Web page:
While he doesn’t profess to know why the stars influence the street, he does note that the work of John H. Nelson comes closest to offering a causal relationship between the swirling of the heavens and the gyrations on Wall Street. Nelson’s work attempts to show that my looking at the movements and alignments of the planets one can accurately predict sunspot activity. At this point, no doubt, your eyes are starting to glaze over. But, don’t fall asleep yet.

Some cosmological theorists have speculated that sunspot activity alters human behavior on earth, causing bouts of mass euphoria or anxiety. Some believe that happens because sunspot activity disrupts the normal electricity in the earth’s magnetic field. And that disruption of the ionosphere just might lead to bouts of collective euphoria or despair, two phenomena which often visit themselves upon financial markets.

In any event, it seems that some time, Arch’s cosmological leanings have left him on terra firma when it comes to the stock market. He is frequently among the most highly rated market newsletter writers on Wall Street. He has made some great calls on the market and he has also been wrong as frequently.  [ed. note: If it was "as frequently", he wouldn't be "highly rated"] But like the girl with the curl, when he’s right, he’s very right, as the next anecdote shows.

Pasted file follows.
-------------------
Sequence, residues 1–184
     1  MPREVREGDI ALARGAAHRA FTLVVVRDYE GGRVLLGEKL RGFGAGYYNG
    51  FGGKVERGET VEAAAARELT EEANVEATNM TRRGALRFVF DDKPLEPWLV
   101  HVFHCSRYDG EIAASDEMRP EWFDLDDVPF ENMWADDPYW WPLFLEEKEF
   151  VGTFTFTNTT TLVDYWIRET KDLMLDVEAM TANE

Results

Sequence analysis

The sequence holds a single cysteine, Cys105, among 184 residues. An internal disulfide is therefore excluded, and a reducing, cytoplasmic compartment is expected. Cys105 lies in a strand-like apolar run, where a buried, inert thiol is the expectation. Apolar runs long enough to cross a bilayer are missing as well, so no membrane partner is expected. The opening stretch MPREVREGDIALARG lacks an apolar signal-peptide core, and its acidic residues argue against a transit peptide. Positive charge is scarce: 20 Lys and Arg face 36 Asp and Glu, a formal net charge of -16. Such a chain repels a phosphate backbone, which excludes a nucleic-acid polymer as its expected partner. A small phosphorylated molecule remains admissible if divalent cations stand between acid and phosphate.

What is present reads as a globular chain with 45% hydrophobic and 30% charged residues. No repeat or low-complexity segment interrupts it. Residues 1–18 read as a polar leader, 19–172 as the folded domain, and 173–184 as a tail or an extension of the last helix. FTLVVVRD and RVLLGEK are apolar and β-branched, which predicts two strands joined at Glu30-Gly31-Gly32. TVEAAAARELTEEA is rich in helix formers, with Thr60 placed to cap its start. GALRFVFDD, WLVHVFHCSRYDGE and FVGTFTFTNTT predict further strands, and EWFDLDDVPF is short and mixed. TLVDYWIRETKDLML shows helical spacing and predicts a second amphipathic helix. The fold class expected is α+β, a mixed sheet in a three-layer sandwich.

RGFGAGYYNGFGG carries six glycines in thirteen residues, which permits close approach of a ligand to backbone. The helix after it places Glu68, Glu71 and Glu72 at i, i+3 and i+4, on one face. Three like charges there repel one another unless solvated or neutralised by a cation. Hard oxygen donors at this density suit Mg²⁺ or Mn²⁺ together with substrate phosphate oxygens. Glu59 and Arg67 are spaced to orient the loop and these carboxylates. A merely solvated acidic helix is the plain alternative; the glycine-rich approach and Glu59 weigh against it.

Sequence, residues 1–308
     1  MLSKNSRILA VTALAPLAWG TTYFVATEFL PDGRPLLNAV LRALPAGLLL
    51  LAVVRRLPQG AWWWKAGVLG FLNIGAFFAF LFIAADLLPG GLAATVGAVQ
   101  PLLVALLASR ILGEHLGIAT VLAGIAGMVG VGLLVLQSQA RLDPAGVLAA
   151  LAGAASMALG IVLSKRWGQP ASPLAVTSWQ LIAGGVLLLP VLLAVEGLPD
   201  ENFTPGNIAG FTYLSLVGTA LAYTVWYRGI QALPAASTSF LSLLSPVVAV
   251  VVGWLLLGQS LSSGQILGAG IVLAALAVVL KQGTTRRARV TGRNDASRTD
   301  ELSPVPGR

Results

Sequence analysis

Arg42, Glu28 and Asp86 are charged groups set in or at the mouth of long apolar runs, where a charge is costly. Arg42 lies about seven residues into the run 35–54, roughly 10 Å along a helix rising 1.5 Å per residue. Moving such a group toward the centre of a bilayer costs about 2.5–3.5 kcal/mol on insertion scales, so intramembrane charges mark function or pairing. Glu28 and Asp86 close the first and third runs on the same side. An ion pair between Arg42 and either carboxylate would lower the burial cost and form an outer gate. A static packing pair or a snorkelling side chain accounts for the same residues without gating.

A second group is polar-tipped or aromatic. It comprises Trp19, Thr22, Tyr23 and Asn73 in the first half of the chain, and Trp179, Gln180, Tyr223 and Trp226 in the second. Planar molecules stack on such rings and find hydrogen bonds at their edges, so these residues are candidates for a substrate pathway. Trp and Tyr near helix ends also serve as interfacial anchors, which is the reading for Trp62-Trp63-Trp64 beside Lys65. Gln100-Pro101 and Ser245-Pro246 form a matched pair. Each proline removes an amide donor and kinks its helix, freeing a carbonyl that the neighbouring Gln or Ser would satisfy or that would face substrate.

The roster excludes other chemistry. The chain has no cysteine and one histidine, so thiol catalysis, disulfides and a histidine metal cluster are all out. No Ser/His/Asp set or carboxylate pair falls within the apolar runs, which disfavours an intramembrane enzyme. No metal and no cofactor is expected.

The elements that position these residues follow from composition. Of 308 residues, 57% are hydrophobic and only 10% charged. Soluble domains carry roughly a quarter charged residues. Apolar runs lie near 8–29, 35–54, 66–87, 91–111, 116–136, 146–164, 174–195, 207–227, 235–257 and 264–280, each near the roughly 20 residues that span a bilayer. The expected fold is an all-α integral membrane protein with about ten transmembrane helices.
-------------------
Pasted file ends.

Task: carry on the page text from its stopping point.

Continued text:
A Little Lunacy. In 1987, the “harmonic convergence” took Wall Street by storm. This harmonic convergence was a long-awaited celestial event that brought five of the solar system’s nine planets into their tightest alignment in over 800 years. The stock market, coincidentally or not, hit an all time high on August 25, 1987 at 2722. It would be the highest level the market would reach before crashing by 1000 points over the next two months. The market’s vicious decline culminated in a 508 point drop on October 19,1987. That was Black Monday, as it is now remembered on Wall Street. The harmonic convergence, a most welcome event, curiously struck when Wall Street was in the midst of a collective “High.” The euphoria peaked as the convergence took place. As Mickey Rourke’s character once said in the movie Diner, “It’s Ripley’s.”